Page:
So it is also with sensation and thought and activity and consciousness.
They are not born, They are not annihilated.
They are not impure, They are not pure.
They do not increase, They do not decrease.
In emptiness there is no form, no sensation, no thought, No activity, No consciousness.
No eye, nor nose, nor tongue, Nor body, nor mind.
No form, nor sound, nor color, nor taste, nor touch, nor objects.
No element of hearing. No element of vision, no element of smelling,
No element of tasting, no element of touching, No element of consciousness.
There is no knowledge and no ignorance.... No old age and No death,
And no extinction of old age and death.
There are no obstacles.
Going beyond all views, beliefs and opinion, He is Nirvana!
To attain the Highest Perfect Enlightenment.
Therefore know that Prajna Paramita is a Great Spiritual Mantra,
Great Bright Mantra, Supreme Mantra, aUnequaled Mantra.
It removes all suffering; it is genuine and not false.
That is why the Prajna Paramita Mantra was spoken. Recite it like this:
Every Buddhist lay-person must follow the Five Precepts. Buddhist monks and monks must add to these another five, making the '10 Commandments' of Buddhism.
* No sexual impurity (sexual intimacy only in marriage)
* No lying
* No stealing
* No killing (violence can be used only in self-defense)
* No intoxicants
Five Additional Precepts for Monks and Nuns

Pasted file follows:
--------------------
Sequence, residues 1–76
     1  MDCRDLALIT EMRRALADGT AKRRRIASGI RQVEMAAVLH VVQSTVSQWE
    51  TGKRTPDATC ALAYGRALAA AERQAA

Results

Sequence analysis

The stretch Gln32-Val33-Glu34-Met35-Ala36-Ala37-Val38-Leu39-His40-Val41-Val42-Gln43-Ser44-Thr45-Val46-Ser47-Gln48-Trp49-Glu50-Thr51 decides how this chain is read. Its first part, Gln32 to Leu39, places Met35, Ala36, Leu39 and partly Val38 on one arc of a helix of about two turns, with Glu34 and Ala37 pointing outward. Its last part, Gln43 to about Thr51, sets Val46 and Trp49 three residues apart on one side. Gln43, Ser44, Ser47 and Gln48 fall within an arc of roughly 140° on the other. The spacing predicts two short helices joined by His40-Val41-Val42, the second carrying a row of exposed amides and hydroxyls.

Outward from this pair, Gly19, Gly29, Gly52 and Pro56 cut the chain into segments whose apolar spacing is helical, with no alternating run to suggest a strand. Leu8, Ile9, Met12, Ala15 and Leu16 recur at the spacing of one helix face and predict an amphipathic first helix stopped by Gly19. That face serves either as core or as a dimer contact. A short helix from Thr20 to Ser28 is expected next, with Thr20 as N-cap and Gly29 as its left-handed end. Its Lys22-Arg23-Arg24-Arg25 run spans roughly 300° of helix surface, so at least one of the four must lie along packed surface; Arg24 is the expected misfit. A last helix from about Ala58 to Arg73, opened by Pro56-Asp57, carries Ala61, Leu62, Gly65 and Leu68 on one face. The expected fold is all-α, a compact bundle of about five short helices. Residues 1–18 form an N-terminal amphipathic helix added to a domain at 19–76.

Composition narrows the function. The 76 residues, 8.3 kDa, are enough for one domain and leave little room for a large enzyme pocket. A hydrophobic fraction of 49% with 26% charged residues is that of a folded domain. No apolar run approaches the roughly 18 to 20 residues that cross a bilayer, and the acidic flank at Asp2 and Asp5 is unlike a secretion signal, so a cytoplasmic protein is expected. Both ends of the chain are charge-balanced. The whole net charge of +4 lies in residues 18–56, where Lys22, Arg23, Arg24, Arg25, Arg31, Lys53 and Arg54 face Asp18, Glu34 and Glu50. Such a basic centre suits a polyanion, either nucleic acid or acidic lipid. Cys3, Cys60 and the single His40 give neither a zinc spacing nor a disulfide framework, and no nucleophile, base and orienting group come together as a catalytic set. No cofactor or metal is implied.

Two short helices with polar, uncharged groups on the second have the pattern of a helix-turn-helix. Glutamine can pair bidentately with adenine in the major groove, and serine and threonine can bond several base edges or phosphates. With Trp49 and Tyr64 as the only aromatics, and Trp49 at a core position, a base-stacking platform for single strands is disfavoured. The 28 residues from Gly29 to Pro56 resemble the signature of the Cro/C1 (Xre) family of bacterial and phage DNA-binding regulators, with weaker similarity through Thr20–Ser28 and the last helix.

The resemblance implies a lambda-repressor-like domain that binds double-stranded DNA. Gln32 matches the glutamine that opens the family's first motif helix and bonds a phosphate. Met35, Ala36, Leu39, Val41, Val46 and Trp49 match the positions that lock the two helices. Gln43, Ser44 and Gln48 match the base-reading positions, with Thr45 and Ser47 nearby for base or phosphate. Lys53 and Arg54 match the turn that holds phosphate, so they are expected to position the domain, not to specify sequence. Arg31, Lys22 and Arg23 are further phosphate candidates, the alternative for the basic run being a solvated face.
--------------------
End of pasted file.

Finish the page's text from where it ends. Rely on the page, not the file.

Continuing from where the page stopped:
* No gossip or malicious speech
* No self-display (jewelry, luxurious clothes or sensual behavior)
* No eating after noon (fasting)
* No defaming of the Three Jewels**
* No accepting of money
from Hakuin's 'SONG OF ZAZEN'
Hakuin was the Medieval Japanese founder of the Rinzai school of Zen Buddhism in Japan. He was also a great poet and artist of Sumi-e ink paintings.
"All sentient beings are essentially Buddhas.
There is no ice without water:
Apart from sentient beings, there are no Buddhas.
Not knowing how close the truth is, we seek it - what a pity!
We are like one who, bathing in a fresh mountain stream, cries out in thirst.
All moral duties come down to just being here.
How vast and wide the unobstructed sky of the heart!
How bright and clear the perfect moonlight of wisdom!
In this moment, what more need we seek?
Here, in the eternal tranquility of Truth,
this very place is the Land of Lotuses;
This very body is the body of the Buddha.
Tibetan Buddhism, from the Hymn to 21 Forms of Tara
Tara is the "Mother of Buddha," said to be the feminine form of Avalokit-Ishwara, whose worship also inspired the worship of Kwan Yin in China, Kannon in Japan.
Homage to you, Tara, whose radiant crown ornament,
Joyful and magnificent, extends a garland of light,
And who, by your laughter of TUTTARA,
Conquer the dark forces of all worlds.
Homage to you, Tara, who are able to invoke
The entire assembly of local devas and protectors,
Whose awe-full countenance fiercely shakes,
Rescuing the impoverished through the letter HUM.
Homage to you, Tara, whose crown is adorned
With the crescent moon and ornaments exceeding bright;
From your hair knot the Buddha Amitabha
Radiates eternally with great beams of light.
Homage to you, Tara, who dwell within a blazing garland
That resembles the fire at the end of this world age;
Surrounded by joy, you sit with right leg extended
And left withdrawn, uncreating all enemies and delusions.
Homage to you, Tara, with hand on the ground by your side,
Pressing your heel and stamping your foot on the earth;
With a penetrating glance from your eyes you awaken
All seven worlds within us through the syllable HUM.
Homage to you, Tara, O happy virtuous peaceful one,
The very object of meditation, transcending sorrow.
You are endowed with the mantra SOHAM,
Overcoming completely all obstacles to our perfect joy.